Obama and McCain on Science Policy

Finally! Issues! The two presidential candidates responded to questions on science policy.

Obama's answers reflect a realization that competition from the rest of the world is heating up.  He believes that the U.S. needs to invest more in our soft capital in order to maintain our leadership:
Our talent for innovation is still the envy of the world, but we face unprecedented challenges that demand new approaches. For example, the U.S. annually imports $53 billion more in advanced technology products than we export.
McCain points out the need to nurture innovation through a free market. He does not see much of a difference between a pro-business policy and a separate science policy:
To maintain American leadership, I believe we must nurture the conditions under which entrepreneurs can continue to prosper by bringing new innovators to market and the American people can reap the rewards.
Obama wants to improve science, technology, engineering and mathematics (STEM) education by broadening its scope beyond just science and engineering majors: 
All American citizens need high quality STEM education that inspires them to know more about the world around them, engages them in exploring challenging questions, and involves them in high quality intellectual work. STEM education is no longer only for those pursuing STEM careers; it should enable all citizens to solve problems, collaborate, weigh evidence, and communicate ideas. 
whereas McCain sees science as being for geeks only.  He wants more geeks, so the rest of the country don't have to bother their pretty heads while getting law and business degrees:
The diminishing number of science, technology, engineering and math graduates at the college level poses a fundamental and immediate threat to American competitiveness.  We must fill the pipeline to our colleges and universities with students prepared for the rigors of advanced engineering, math, science and technology degrees. 
Obama sees technology leadership as being essential to national security:
 It’s essential to create a coherent new defense technology strategy to meet the kinds of threats we may face—asymmetric conflicts, urban operations, peacekeeping missions, and cyber, bio, and proliferation threats, as well as new kinds of symmetric threats. 
whereas McCain sees national security as essentially just military superiority:
As President, I will strengthen the military, shore up our alliances, and ensure that the nation is capable of protecting the homeland, deterring potential military challenges, responding to any crisis that endangers American security, and prevailing in any conflict we are forced to fight.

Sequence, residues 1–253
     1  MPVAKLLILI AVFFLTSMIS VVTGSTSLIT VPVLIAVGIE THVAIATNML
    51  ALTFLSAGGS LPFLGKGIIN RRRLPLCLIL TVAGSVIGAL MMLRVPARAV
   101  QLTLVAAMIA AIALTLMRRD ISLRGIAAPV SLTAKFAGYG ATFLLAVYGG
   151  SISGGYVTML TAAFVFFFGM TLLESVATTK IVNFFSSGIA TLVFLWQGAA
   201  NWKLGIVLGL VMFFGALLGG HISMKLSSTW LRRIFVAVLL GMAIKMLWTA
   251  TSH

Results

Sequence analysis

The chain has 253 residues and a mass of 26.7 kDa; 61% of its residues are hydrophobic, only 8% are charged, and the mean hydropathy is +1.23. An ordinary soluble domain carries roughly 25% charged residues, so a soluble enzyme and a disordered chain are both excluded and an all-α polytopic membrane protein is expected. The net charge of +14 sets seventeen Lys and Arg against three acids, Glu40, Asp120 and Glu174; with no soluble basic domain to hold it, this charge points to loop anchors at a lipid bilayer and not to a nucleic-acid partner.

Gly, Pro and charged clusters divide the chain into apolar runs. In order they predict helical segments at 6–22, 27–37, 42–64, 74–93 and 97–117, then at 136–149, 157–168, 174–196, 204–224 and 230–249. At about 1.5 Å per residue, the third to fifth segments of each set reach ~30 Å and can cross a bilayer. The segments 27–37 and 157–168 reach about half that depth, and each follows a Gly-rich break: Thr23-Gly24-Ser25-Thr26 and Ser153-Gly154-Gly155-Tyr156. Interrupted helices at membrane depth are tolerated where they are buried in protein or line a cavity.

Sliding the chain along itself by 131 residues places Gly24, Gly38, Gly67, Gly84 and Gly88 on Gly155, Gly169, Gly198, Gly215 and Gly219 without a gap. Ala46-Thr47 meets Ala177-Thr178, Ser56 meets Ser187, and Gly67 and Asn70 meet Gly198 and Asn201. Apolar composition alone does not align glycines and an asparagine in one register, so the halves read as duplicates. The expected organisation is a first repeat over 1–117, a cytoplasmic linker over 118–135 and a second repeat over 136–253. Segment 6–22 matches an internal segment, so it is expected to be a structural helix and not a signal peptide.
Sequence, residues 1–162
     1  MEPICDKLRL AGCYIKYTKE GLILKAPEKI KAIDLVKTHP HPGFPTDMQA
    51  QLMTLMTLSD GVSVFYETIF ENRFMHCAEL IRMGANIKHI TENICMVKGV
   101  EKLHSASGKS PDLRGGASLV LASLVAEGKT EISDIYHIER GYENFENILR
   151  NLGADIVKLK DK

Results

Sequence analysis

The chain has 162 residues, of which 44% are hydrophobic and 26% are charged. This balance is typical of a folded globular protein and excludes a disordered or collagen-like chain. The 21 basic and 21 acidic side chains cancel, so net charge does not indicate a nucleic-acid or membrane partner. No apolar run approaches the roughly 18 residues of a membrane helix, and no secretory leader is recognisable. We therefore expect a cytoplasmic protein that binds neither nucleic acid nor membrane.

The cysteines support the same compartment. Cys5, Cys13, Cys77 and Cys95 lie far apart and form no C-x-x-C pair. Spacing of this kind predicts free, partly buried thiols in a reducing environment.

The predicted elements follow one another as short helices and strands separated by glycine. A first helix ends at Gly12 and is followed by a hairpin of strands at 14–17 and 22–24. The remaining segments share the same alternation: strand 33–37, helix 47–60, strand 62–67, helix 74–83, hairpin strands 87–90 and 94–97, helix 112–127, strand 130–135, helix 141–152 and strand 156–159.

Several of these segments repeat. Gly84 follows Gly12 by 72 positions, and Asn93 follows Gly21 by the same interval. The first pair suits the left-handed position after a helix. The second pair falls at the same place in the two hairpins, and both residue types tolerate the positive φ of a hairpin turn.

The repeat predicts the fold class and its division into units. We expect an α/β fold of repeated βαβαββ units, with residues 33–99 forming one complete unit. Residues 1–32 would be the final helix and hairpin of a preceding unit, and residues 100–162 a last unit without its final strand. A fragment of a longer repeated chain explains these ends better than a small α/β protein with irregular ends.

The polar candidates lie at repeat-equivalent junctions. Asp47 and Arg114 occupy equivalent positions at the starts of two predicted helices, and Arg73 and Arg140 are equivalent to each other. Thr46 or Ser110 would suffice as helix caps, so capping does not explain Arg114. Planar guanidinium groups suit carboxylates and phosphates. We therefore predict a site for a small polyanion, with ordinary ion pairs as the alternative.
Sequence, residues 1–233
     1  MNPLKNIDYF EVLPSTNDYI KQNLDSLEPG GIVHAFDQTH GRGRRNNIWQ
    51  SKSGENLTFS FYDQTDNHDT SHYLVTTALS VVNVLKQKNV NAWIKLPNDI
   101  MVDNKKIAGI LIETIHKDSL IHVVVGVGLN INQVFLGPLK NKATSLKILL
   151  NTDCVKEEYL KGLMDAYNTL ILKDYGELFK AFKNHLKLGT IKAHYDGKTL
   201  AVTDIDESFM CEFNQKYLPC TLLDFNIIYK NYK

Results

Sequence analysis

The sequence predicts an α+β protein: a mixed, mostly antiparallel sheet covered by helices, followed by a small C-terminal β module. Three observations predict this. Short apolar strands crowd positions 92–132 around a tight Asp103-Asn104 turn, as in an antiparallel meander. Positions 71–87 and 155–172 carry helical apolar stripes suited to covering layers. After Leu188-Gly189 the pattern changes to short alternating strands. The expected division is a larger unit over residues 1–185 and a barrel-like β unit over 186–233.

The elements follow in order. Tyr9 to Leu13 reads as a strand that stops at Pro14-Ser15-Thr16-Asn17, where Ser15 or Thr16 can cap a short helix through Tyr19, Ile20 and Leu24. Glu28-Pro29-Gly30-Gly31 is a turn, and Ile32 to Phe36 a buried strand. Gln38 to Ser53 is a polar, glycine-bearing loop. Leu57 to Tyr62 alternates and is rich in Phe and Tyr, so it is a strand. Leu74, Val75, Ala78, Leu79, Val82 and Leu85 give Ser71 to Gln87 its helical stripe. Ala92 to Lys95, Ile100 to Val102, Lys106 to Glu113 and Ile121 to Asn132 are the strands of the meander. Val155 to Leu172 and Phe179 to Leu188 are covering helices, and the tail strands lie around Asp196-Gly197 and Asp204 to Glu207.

Obama thinks we are underinvesting with research:
Yet, today, we are clearly under-investing in research across the spectrum of scientific and engineering disciplines. Federal support for the physical sciences and engineering has been declining as a fraction of GDP for decades, and, after a period of growth of the life sciences, the NIH budget has been steadily losing buying power for the past six years. As a result, our science agencies are often able to support no more than one in ten proposals that they receive, arresting the careers of our young scientists and blocking our ability to pursue many remarkable recent advances. Furthermore, in this environment, scientists are less likely to pursue the risky research that may lead to the most important breakthroughs. Finally, we are reducing support for science at a time when many other nations are increasing it, a situation that already threatens our leadership in many critical areas of science. 
while McCain wants to better allocate current research spending:
With spending constraints, it will be more important than ever to ensure we are maximizing our investments in basic research and minimizing the bureaucratic requirements that eat away at the money designed for funding scientists and science. 
On the other subjects, to the best I can tell,  their world-views are the same. 

If I had to summarize, I would say that Obama sees the US slipping behind and wants to broaden and deepen science.  He wants to change science policy to reflect a new set of challenges.  McCain is happy with the state of US science and promises to largely stay out of its way: neither  blocking it (as the Bush administration has done) nor attempting to set its direction (as Obama promises to do).

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